ILC-UK’s analysis of the English Longitudinal Study of Ageing found that almost four in ten of those aged 85 or older faced some kind of social exclusion. We found that almost four in ten of those aged 85 or older faced some two or more kinds of social exclusion. For those aged 60-64 years old, the figure was 12.4% experiencing two or more kinds of exclusion.

Our research on centenarians published in December 2011 found that quality of life among the oldest old decreases with age.

Tackling the challenges of isolation and exclusion are not simple. But they do require the sort of programmes and investment which is being announced today.

These new projects are extremely welcome as is the long term commitment from the Big Lottery Fund. I hope that evaluation of their long term impact will lead to service improvements, innovation and also policy change. Most importantly, these projects must play a major role in tacking isolation at the local level.

Ageing Better is funding 15 projects across England to tackle social isolation among older people.

Find out more about the projects being funded today

This family has always got time for me

5 September 2014

A network of communal men’s sheds that provide a place for men to meet and make things is springing up across the English-speaking world.  Robert Blow visited the Big Lottery-funded Men in Sheds in Eltham, South London, and found a home from home

At Men in Sheds older men get together in fully equipped workshops to bang nails, plane wood, and drink tea. They also do a fair amount of talking.

The idea for Men in Sheds kicked off in Australia and has now become a worldwide phenomenon. It’s a place where older men come together to share skills and socialise in a friendly environment.

The Eltham Men in Sheds – one of the first in the country – is run by Wendy Smith, Pauline Cahill and Steve Cas-smiling-300x400 Paxman from charity Age UK Bromley & Greenwich. They told me that men – even when they feel lonely – struggle with the idea of joining a support group. Men in Sheds is perfect for them because it gives them the opportunity to do something and make a solid contribution, which men feel more comfortable with than sitting around and talking about their feelings.

If, however, someone needs to talk, Wendy, Pauline and Steve are there for them.

Caswell Pryce started coming to the Eltham shed in March, and already it feels like family to him. He comes to the shed two or three times a week to make picture frames among other things, but also to have a chat.

“I’m a former carpenter and joiner. I’ve worked for firms that when they take you on, you get a load on your shoulder. The work became very strenuous as the years went on. Eventually I ended up with a hernia on the last job that I was on, and it causes me a lot of problems.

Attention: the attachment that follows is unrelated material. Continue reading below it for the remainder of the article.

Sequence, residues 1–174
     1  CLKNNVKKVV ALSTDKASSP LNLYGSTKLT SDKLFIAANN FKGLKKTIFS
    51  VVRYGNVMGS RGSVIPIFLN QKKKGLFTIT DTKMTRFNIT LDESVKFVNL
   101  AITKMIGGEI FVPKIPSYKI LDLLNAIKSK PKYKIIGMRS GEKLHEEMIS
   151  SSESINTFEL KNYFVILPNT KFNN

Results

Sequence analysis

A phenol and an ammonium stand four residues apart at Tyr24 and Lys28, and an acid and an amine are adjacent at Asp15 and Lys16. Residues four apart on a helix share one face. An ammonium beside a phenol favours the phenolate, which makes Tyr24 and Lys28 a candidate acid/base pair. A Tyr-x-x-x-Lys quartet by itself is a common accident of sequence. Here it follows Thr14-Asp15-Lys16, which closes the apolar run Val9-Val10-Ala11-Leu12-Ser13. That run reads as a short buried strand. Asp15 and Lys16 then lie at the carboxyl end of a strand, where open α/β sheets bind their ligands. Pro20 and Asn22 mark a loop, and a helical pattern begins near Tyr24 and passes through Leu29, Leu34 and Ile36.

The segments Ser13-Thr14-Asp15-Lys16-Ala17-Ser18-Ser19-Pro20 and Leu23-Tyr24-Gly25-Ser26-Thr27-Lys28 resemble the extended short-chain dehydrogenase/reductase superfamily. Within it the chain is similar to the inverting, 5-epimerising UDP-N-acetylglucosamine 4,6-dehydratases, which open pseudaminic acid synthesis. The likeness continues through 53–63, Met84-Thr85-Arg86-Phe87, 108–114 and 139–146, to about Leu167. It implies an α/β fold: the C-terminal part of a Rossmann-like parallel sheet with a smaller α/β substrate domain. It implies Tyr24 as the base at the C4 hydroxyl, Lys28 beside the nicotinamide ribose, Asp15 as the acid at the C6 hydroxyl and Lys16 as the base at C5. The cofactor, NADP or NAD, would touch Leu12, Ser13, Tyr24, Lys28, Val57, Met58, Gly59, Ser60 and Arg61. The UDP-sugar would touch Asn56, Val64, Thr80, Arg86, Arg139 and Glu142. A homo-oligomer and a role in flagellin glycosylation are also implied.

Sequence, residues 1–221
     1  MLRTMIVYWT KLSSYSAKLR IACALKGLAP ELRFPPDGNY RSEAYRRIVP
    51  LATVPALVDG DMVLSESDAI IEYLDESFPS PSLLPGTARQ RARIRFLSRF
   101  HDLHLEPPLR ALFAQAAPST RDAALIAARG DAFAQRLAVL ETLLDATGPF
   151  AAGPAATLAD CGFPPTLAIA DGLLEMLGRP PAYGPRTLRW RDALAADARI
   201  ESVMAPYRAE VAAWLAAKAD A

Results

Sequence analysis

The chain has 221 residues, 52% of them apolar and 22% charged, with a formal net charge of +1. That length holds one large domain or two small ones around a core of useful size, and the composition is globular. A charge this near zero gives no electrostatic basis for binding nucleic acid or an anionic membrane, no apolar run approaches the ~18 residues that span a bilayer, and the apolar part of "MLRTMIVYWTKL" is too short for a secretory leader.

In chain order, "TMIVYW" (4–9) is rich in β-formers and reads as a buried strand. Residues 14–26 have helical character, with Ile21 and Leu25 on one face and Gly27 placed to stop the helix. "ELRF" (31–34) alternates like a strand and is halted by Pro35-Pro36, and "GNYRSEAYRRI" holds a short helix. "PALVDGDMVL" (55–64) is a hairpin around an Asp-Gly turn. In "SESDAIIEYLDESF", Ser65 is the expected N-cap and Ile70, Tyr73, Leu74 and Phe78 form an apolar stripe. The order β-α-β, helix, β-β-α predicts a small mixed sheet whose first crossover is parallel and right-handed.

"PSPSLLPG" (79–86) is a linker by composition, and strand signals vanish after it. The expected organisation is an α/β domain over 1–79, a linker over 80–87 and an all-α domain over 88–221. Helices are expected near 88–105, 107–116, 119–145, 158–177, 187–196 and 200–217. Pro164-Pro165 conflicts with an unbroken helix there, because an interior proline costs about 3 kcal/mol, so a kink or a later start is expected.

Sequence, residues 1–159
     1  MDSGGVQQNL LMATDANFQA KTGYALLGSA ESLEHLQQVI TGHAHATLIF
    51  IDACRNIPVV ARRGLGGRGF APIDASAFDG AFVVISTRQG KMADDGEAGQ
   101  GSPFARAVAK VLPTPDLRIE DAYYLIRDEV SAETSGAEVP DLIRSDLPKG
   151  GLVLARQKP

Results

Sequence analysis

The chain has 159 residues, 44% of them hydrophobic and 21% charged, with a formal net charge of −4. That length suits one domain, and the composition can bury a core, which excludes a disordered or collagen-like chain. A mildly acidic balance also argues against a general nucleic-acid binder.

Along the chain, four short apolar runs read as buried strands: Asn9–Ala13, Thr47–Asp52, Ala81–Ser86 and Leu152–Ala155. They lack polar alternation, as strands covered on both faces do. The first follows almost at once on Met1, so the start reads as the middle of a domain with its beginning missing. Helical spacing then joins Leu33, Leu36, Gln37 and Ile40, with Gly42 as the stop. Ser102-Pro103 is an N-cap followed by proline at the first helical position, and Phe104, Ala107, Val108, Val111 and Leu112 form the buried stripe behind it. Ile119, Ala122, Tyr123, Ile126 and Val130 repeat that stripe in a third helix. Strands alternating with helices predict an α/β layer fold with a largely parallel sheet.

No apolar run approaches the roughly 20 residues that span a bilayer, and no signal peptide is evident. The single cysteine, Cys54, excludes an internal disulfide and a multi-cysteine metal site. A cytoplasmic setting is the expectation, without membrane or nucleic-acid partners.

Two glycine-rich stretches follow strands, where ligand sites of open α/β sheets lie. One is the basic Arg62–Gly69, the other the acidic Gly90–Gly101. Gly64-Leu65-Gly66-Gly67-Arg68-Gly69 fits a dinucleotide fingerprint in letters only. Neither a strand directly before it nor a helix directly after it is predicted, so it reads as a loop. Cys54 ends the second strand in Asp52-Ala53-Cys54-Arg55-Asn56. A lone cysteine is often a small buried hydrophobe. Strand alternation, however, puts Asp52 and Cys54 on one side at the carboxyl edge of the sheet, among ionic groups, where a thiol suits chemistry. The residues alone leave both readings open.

“I couldn’t go to work as I wanted to, and that caused a depression. I started to slow down and then I went to the doctor. From there I had a lot of counselling. I had a 12-week course with Time to Talk*. I just wanted to get out of the darkness.

Cas-and-Teresa-300x400“At home I was thinking: ‘Where can I turn to?’The doctor recommended Men in Sheds. Whoever I spoke to – Time to Talk, Greenwich MIND – said ‘Men in Sheds’. The spirit in me said to me: ‘Let me phone Men in Sheds’. So eventually, last March, I did.

“When I phoned Men in Sheds a very pleasant man called Steve picked the phone up. I said to him: ‘I’m in this situation and maybe you’re able to help me.’

“Steve gave me a rundown of what Men in Sheds is all about and invited me to come down and see for myself. So I said OK.

“I came here two days later and as I walked in it was like when something falls in place. All the machinery, the workshop was just there. It was what I needed, I always wanted a workshop; it was my dream. I’m a practical person: I could see an image and make it. I always enjoy making things. As soon as I saw the workshop here, I thought: This is my home.”

Now Cas has been coming to Men in Sheds for several months, he can say: “This family has always got time for me.”

*Also funded by the Big Lottery Fund

A friend is just a phone call away

27 August 2014

Since the Big Lottery-funded Silver Line opened nearly a year ago, it’s proved a lifeline for thousands of older people who are lonely or distressed. Robert Blow spoke to Silver Line call advisers Alan Walsh and Alyson Lazell on why it’s great to talk

“When I get off the phone I feel like I belong to the human race.” The comment is typical of the thousands of people who’ve called The Silver Line since it opened on 25 November 2013.


Alyson Lazell

“On the first day we received 2,000 calls. People were melting the phones trying to get through.” Alan Walsh and Alison Lazell are two of the helpline’s dedicated staff who have been there right from the start. “It was as if there was this tremendous need out there, and people just couldn’t get wait to get on the phone to us.”

The statistics about older people and loneliness are frightening. More than half of all 75 year olds in the UK live alone and one in ten suffers “intense” loneliness but is reluctant to ask for help. In a poll conducted to mark the launch of The Silver Line, nine out of ten older people told researchers that “a chat on the phone” is the most helpful solution when they feel lonely but one in four say they never or seldom have someone to chat to on the phone.